Wisconsin Assembly Speaker Vos won’t run for Ryan’s seat
MADISON, Wis. (AP) — Wisconsin Assembly Speaker Robin Vos on Friday became the latest high-profile Republican to pass on the chance to run for Congress to replace retiring House Speaker Paul Ryan, leaving the field open for lesser-known candidates in a race that Democrats are increasingly optimistic will be competitive.
Vos joined with his longtime friend and college roommate Reince Priebus, the former White House chief of staff, in declining to run for the southeast Wisconsin seat. Republicans have been hastily weighing their options after Ryan’s abrupt announcement Wednesday that he would not seek re-election, giving potential candidates just seven weeks to get in the race and file by the June 1 deadline.
Like other state lawmakers who have declined to run in the past three days, Vos said he wanted to focus on his own re-election and continuing his work in the Wisconsin Legislature. Vos is the most powerful Republican in the Assembly, which the GOP currently controls 64-35, and was the highest profile remaining potential congressional candidate, until he demurred.
Vos said his wife, former state Rep. Michelle Litjens, had also decided against a run.
“While I know that our nation’s capital desperately needs more conservative reformers from Wisconsin, Michelle and I have decided that we can do more good continuing to push state-based conservative reforms,” Vos said.
Republicans are desperately seeking someone to rally behind and distract from the candidacy of Paul Nehlen, a far-right conservative who got trounced by Ryan in 2016 and was banned from Twitter earlier this year for a series of posts criticized as racist or anti-Semitic. Ryan’s political director Kevin Seifert denounced Nehlen as not fit to hold public office.
Another declared Republican candidate is also largely unknown. Nick Polce is an Army veteran who co-owns a security consulting firm and lives in Lake Geneva. He has been running since November on a platform of supporting term limits for members of Congress, cutting their pay by 33 percent, building a wall along the Mexico border and ending corporate subsidies.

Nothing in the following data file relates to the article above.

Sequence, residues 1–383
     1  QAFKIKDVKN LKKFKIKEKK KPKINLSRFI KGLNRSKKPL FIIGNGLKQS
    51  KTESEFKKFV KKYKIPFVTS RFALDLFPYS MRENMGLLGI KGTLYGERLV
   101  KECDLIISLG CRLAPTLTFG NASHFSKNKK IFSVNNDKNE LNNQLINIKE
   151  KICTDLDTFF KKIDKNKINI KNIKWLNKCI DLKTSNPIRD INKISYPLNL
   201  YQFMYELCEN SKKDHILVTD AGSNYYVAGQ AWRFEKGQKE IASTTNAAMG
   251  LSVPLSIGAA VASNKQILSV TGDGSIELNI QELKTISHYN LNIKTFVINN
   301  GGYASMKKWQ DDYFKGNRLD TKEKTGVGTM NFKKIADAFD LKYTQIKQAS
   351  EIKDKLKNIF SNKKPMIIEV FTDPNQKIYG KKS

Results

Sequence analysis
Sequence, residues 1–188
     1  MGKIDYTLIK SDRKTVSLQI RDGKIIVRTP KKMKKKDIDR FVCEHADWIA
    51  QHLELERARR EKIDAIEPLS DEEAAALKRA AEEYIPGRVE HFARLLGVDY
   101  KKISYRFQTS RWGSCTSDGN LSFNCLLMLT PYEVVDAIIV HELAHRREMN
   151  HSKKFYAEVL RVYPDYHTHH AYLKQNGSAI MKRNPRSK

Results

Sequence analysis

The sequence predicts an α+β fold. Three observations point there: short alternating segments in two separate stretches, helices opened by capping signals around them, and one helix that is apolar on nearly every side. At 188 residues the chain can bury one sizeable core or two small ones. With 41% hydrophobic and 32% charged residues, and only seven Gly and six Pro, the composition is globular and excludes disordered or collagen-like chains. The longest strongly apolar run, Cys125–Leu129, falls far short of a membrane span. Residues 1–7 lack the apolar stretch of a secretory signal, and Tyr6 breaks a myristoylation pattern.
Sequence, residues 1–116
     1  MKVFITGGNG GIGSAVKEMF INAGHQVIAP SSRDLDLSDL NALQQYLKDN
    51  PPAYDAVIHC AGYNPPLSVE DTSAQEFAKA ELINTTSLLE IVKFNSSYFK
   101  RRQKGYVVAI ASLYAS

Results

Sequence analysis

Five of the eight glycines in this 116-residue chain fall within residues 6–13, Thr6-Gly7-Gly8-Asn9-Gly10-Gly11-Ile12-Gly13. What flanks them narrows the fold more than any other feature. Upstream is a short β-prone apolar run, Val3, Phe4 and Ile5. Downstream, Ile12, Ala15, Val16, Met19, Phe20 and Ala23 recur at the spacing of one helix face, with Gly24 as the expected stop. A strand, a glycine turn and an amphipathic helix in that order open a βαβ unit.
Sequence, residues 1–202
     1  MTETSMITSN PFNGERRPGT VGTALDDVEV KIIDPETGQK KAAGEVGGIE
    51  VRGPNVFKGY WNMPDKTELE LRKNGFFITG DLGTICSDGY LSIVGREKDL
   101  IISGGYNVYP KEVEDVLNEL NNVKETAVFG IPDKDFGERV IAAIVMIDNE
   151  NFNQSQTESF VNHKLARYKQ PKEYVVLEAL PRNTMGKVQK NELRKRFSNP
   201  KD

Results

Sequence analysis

Other Republicans still considering a run include state Sen. David Craig, a former aide to Ryan, and Bryan Steil, a close Ryan family friend, attorney and regent at the University of Wisconsin. State Rep. Samantha Kerkman says she’s also looking at it.
They have said little about whether or when they will make a decision.
The south-central district, once home to U.S. automaker plants in Kenosha and Janesville, runs from the Illinois border north to Milwaukee’s blue-collar south side. While Ryan easily won re-election nine times, and President Donald Trump carried it by more than 10 percentage points, Democrats see a chance to take the seat with the right candidate and strong turnout in November.
The field of candidates may also grow on the Democratic side with state Rep. Peter Barca, who previously served in Congress from 1993 to 1995, saying Thursday he’s contemplating getting in.
That could potentially shake up the race that had been mostly focused on union iron worker Randy Bryce, who has raised nearly $5 million and garnered national attention with his “Iron Stache” nickname.
Janesville teacher Cathy Myers is also mounting a serious challenge, raising $500,000 in the first three months of the year.
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